BerriganCover.jpgCompounding lines of found language and notes to self, as well as to neighbors of humanity, these lists have a pleasantly distractable quality (who, while reading this or anything else, isn’t doing a hundred other things at once these days?) and this honest trait lets us give ourselves a break. It’s as if the form of Primitive State is modern life and the lines suit life’s changing shape deftly. I hesitate to share too many of them, both because I don’t want to spoil their beautiful surprise and because they become more effective and heroic as they accrue with the turning of pages. It was difficult to put down throughout reading and also at the end. Primitive State pursues your attention in ways unlike any book I can remember.

[Published December 1, 2015, 88 pages. $18.00 paperback]

Amanda Nadelberg’s Songs From a Mountain has just been published by Coffee House Press which also produced her earlier book Bright Brave Phenomena. She lives in Oakland, CA.

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Emilia Phillips

Boy With Thorn by Rickey Laurentiis (University of Pittsburgh Press)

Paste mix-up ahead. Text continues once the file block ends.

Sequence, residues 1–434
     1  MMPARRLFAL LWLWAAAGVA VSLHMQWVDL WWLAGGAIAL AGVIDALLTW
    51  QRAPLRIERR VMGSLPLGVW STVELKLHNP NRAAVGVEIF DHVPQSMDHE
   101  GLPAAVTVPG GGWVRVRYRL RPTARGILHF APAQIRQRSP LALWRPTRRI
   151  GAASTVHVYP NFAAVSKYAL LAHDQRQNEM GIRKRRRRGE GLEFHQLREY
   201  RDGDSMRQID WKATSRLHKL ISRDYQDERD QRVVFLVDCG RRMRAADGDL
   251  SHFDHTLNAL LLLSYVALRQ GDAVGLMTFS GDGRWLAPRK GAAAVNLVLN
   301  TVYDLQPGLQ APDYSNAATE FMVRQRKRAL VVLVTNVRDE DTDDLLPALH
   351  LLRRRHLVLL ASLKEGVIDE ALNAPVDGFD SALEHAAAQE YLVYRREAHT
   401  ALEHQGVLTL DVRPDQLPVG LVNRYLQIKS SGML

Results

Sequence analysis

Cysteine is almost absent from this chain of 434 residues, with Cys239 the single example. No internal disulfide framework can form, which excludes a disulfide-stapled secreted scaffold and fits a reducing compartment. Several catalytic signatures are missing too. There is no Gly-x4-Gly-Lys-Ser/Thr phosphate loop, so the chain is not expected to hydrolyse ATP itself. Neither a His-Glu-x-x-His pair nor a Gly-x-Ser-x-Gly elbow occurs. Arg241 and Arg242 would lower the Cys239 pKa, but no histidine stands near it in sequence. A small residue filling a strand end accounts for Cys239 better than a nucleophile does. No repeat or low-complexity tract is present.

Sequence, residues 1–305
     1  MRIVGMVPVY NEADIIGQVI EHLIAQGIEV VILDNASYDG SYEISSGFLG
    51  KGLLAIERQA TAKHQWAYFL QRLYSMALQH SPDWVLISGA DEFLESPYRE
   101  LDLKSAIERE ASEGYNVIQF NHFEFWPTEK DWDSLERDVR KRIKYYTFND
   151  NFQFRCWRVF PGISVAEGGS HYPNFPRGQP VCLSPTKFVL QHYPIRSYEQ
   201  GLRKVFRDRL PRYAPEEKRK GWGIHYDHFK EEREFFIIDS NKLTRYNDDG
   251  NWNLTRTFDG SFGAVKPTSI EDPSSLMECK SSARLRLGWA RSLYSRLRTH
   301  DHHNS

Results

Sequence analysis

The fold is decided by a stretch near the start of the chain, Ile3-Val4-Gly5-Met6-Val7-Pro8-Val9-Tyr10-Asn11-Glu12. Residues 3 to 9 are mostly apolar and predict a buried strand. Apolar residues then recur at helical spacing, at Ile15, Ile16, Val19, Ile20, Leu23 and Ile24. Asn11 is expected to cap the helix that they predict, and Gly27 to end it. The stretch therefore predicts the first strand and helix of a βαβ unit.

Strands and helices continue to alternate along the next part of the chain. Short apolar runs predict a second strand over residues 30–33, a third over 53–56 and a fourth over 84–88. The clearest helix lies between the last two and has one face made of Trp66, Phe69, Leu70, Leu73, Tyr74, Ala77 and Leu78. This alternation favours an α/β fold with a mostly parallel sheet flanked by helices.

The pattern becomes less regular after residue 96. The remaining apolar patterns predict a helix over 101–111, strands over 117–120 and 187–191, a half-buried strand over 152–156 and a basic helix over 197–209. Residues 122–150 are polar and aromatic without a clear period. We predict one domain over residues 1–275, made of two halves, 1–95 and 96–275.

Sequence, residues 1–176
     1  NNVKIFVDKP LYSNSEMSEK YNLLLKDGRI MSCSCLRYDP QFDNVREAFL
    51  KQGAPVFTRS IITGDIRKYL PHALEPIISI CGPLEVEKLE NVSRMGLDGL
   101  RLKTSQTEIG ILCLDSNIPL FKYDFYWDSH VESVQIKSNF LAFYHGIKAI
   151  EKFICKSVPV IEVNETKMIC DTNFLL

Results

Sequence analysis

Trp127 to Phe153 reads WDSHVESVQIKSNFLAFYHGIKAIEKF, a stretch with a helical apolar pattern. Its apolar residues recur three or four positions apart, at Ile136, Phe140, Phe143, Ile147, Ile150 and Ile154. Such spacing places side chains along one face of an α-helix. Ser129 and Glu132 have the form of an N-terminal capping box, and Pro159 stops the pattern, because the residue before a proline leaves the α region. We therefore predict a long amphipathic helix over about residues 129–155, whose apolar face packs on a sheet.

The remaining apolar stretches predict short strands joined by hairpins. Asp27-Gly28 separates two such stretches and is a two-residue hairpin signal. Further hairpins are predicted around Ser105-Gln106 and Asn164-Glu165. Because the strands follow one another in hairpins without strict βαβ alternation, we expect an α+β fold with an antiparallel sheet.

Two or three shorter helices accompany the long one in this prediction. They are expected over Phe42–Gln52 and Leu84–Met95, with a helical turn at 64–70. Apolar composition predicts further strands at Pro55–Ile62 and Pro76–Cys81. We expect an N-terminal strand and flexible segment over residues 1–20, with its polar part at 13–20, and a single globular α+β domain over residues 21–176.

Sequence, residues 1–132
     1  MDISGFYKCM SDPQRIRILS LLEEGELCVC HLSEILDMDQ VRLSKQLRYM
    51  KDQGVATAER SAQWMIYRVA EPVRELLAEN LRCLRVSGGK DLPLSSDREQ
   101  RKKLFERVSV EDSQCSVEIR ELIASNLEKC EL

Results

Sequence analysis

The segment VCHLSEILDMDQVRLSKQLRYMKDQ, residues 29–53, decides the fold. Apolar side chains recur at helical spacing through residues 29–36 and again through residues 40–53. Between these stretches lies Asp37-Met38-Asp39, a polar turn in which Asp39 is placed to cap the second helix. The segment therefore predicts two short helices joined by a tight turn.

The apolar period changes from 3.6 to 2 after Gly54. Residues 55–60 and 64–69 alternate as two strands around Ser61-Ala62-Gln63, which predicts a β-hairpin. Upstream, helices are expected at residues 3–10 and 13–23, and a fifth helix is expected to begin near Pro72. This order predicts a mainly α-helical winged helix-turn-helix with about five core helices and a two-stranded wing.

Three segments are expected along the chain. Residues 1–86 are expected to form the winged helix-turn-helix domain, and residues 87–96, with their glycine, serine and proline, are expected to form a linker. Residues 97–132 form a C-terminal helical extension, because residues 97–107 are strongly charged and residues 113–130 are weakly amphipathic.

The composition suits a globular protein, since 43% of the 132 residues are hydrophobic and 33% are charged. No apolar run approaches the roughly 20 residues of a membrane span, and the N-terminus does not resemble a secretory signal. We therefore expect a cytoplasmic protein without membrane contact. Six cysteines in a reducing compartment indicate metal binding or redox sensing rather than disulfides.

The poems of Rickey Laurentiis’s debut collection reckon with hate crimes predicated on the victims’ skin color or sexual preference just as they witness the rise and fall of civilizations of the self — “You are what’s in the lamb / that keeps it kicking,” (70) “Who could feel the self demanding the self?” (79) — after the ideal “To be personal, without confession.” (59) In Boy with Thorn, confession, often associated with guilt or shame, seems absent. Instead, the speaker’s openness has a note of meditative defiance, an insistence upon not looking away. For that reason, the poems hit readers “like a hammer through glass” (71) — at once devastating and glinting, sharp and gorgeous.

The internal landscapes wrought by an uneasy and tested mind seem as physical as the external landscapes of the deep south, where many of these poems are set; in fact, the external often seems conflated with the internal, not with the imprecise simplicity of the pathetic fallacy, but more as if the speaker, by being rushed away by the river, becomes a part of the river. It’s with this backdrop, the speaker offers us — and history — himself: